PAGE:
Now they do, now they don’t………

Last year I had a little boy who turned 5 less than 10 days before the annual cut off. So yes, he could come to kindergarten. Legally.  But he was young, and tiny, and immature and had never been to preschool, or been read to, or done much of anything else with his life to that point other than get anything he wanted because everybody thought he was so “cute”.  At the end of the year he was about ready for kindergarten.  Did I mention that he was legally blind,  but didn’t get his glasses until first grade?  Apparently it wasn’t until he got to kindergarten that he was mature enough for the eye doctor to interpret his reactions to the eye exam to be able to fit him with a prescription…….  We talked early about retaining him.  If anyone was a candidate he was.  Young, small, delayed development…..   At the end of the year the parents wanted him to repeat kindergarten.  The principal said, “No.”  She even made the statement to me and the parents that, she had final say, and she wasn’t retaining him.  (He is currently dying in first grade)

Fast forward to today.  I have a little girl who has been in my class for 24 days, she has missed  six of them.  I pulled her file from the other school, and she was enrolled there for 84 days and had missed 24 of them.  That makes a total of 30 days out of 108.  State law around here mandates consideration for retention after 20 absences.  The principal made the comment to me while we were discussing the situation, that there really wasn’t anything we could do and, “If the mother wants to retain the girl, we can’t stop her.”


I KNOW the law hasn’t changed.  So what has?  Her reasoning was that since kindergarten isn’t mandatory, parents could do what they wanted, and we have no recourse.

Situational, arbitrary and inconsistent.

Why am I not surprised?


3 thoughts on “Now they do, now they don’t………

  1. Hmmm…do you think last year’s little darling’s parents rubbed the principal the wrong way or something? Ridiculous! We are NEVER allowed to retain any kindergartners. It makes me want to scream!!!!

    • At 4 years old, they should have a screening for up coming kindergartners, ALL of them. It should be a readiness screening and those that aren’t ready should be dealt with. If the parents need to work with them, they need to be told. If they aren’t developmentally ready, they should have to wait. Other services should be provided to help get kids ready for kindergarten, like pre-school. Some of our Title One schools have it, but even there it’s kind of exclusive, only a handful of those that need the extra help get it. It’s “supposed” to be for the neediest kids, but the preK teacher picks and chooses, at least at my last school she did.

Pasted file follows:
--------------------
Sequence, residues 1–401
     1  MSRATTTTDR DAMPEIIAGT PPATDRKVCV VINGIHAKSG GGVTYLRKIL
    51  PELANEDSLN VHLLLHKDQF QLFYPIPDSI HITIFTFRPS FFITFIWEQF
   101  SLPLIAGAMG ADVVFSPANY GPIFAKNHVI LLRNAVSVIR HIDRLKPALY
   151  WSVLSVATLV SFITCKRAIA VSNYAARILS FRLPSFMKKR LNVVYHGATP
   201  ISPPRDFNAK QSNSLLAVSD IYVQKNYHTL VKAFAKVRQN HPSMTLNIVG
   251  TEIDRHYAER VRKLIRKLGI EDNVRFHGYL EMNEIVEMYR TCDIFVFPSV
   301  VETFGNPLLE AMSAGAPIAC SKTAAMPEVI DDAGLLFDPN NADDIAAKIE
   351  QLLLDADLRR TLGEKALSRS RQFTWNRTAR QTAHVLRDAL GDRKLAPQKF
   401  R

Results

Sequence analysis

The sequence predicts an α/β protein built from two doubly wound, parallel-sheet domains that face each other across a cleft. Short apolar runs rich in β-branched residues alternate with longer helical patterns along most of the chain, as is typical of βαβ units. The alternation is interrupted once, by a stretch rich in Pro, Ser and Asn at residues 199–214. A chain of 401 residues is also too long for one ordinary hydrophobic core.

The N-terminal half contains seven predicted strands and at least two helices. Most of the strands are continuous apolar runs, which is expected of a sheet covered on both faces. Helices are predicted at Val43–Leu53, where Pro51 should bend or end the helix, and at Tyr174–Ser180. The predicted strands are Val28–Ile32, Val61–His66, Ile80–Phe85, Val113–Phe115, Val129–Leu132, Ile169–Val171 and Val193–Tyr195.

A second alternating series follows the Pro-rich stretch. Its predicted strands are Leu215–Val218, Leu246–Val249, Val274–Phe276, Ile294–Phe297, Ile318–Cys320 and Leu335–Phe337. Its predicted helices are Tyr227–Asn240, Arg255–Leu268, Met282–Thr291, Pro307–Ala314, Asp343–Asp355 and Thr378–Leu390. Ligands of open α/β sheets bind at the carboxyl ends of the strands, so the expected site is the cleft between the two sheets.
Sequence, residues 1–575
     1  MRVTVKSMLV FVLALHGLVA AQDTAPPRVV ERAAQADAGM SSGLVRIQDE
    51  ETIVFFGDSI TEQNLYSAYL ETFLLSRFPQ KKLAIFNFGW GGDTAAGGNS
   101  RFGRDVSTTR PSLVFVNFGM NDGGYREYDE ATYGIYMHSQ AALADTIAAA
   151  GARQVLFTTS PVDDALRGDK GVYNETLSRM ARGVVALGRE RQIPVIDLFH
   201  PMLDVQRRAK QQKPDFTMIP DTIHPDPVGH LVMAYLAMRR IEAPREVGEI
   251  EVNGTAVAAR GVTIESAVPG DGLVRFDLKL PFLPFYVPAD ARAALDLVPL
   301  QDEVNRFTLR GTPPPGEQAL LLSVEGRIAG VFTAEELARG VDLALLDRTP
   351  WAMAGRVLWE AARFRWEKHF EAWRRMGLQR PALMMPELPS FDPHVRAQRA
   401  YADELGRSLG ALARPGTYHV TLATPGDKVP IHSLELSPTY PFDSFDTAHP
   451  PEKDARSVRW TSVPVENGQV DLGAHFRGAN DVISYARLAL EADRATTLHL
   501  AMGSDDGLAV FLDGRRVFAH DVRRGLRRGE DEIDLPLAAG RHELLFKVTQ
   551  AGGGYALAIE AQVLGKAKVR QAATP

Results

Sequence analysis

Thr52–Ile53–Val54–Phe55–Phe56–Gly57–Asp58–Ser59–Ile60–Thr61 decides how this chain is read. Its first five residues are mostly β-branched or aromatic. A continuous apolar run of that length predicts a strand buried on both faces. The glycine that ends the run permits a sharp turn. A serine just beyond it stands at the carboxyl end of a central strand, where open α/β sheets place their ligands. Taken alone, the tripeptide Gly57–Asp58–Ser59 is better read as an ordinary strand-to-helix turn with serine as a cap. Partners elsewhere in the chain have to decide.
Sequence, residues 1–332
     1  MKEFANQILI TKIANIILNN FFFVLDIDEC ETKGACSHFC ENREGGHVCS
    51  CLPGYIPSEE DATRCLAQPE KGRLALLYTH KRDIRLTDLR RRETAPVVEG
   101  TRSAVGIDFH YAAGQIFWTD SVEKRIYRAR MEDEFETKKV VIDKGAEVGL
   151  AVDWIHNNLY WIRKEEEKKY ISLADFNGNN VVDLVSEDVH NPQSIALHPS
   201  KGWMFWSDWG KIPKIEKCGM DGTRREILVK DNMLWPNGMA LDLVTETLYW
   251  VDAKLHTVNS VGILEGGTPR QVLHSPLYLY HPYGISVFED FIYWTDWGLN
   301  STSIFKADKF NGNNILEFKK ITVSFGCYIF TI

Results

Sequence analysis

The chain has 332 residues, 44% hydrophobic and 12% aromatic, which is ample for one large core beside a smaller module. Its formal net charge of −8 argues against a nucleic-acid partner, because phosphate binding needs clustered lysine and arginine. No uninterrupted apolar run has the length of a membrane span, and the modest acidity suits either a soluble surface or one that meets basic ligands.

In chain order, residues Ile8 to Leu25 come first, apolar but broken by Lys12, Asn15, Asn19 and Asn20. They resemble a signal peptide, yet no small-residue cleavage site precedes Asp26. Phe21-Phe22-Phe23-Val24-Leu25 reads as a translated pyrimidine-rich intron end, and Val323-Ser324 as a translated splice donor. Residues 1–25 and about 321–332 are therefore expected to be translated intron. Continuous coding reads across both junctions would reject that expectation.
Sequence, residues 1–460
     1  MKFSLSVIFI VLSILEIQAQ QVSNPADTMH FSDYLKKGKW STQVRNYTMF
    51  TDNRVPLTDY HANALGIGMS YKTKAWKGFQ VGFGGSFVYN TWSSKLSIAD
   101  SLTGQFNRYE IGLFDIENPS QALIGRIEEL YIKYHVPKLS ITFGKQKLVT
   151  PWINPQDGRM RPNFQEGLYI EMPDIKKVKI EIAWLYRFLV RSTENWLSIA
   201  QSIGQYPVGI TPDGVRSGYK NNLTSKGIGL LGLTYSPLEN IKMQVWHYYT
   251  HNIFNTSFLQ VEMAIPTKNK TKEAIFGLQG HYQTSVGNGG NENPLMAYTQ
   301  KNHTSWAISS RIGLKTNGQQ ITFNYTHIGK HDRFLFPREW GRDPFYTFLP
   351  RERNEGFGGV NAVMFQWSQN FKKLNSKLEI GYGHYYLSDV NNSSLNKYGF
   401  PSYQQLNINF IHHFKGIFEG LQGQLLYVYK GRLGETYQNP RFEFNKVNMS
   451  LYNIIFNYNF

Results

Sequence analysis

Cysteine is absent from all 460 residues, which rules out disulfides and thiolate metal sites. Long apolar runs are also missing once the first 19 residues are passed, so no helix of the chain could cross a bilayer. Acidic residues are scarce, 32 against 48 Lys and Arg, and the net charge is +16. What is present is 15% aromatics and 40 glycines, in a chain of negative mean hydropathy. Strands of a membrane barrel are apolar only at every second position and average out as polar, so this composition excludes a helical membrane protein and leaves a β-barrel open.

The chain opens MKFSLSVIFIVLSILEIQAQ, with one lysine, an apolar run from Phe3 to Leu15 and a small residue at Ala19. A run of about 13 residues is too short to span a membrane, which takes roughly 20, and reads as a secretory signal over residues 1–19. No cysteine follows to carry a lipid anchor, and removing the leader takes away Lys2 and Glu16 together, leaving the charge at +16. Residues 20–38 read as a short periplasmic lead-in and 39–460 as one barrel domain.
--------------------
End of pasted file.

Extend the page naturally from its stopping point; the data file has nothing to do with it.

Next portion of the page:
2. Parents always have the final word in any situation, including retention. After all they can always move, have their child transfered, home school them, or put them in private school. Or they can face up to the principal and say “If you don’t let my child stay in kindergarten I’m calling my attorney. Let’s find out how much money the district has.” 🙂

    I’ve told a few parents that I thought retention was appropriate for their child, but that the decision was theirs because they would have to deal with the consequences. I’ve also passed a few students who were barely qualified because I knew it was the only way for them to get special ed services.

    A few years ago I taught at a school that did early screening in April before kindergarten. It included cognitive and motor skills. Also hearing and vision screening. It was great! They repeated the process in July for any who were new to the district or had missed earlier for some reason.

    It is rare for one of our kindergarten students to NOT have one or even two years of pre-k. I only had two this year.

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